Still, he appeals to a large swath of Polish society who shares his socially conservative, Catholic ethos and has failed to find footing in the post-communist economy. In the PiS chairman, Poles see someone who has eschewed the extravagance associated with Civic Platform, which ruled Poland during the boom years of the past decade, but exacerbated a sense of inequality and “them” vs. “us.”

The unknown president

Duda seems an unlikely foil for the strong-willed Kaczynski. The president rose through the ranks of PiS, but was relatively unknown when he ran for office. (He left the party upon being elected to the presidency, as is constitutionally required.) And over the past two years, he reliably agreed with every policy floated by PiS, even its most controversial like packing the Constitutional Tribunal.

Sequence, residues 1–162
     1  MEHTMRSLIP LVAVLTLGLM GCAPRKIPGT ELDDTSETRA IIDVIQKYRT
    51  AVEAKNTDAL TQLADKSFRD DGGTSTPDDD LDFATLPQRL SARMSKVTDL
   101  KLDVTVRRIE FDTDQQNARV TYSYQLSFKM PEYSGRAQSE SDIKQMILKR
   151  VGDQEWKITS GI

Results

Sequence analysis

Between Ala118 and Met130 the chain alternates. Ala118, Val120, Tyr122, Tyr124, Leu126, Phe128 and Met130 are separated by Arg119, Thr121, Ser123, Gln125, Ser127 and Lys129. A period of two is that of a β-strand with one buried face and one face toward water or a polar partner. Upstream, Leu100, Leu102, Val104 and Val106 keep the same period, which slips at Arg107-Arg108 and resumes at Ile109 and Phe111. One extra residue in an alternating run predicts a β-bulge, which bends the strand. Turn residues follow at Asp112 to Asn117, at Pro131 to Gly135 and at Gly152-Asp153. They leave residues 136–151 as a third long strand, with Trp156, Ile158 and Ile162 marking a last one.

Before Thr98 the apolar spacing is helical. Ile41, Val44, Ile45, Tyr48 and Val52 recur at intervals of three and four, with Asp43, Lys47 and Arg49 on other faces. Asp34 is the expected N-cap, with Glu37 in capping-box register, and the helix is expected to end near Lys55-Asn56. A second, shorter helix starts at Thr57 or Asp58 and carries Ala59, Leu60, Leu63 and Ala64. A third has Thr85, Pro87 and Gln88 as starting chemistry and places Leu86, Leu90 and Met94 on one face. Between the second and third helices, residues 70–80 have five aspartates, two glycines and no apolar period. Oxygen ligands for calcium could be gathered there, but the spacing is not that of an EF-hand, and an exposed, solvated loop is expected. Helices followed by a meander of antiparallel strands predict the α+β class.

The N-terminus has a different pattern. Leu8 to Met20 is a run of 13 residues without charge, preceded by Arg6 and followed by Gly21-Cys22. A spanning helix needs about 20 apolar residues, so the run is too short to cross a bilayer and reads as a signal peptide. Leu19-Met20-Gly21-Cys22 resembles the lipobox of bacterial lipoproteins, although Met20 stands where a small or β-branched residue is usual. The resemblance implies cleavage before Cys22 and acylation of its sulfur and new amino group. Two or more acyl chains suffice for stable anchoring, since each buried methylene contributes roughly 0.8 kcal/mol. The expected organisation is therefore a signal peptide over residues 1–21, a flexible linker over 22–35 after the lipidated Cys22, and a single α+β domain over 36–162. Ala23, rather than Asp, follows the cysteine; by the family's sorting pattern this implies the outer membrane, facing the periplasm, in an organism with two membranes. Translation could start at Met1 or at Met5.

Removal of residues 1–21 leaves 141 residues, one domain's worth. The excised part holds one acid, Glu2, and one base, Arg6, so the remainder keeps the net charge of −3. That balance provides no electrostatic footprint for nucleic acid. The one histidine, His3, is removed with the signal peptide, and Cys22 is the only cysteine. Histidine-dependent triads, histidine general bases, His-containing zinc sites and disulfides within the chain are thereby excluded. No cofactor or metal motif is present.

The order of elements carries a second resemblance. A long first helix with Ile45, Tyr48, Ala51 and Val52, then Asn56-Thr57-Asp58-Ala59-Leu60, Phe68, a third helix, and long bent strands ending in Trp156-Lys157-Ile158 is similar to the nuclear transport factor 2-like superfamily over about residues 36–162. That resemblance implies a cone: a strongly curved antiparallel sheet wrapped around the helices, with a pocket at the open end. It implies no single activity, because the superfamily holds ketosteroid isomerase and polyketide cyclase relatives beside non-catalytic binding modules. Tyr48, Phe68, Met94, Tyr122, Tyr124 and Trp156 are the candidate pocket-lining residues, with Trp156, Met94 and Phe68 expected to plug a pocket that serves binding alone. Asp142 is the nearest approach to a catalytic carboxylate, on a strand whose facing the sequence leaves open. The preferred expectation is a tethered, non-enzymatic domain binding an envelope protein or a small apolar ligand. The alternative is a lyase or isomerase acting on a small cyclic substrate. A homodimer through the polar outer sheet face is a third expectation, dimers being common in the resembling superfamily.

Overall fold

Just like Kaczynski, he seems to eschew extravagance that the populace associates with the ruling classes. While he served as an EU parliamentarian, he put his high salary towards saving for an apartment for his daughter instead of moving into a more luxurious home.

And he too has close links to the Catholic church. As a teenager he was a boy scout and an altar boy. The day before he vetoed the controversial judicial bills, he was seen praying in the monastery of Jasna Gora in Czestochowa as demonstrations rose to tens of thousands in cities around the nation.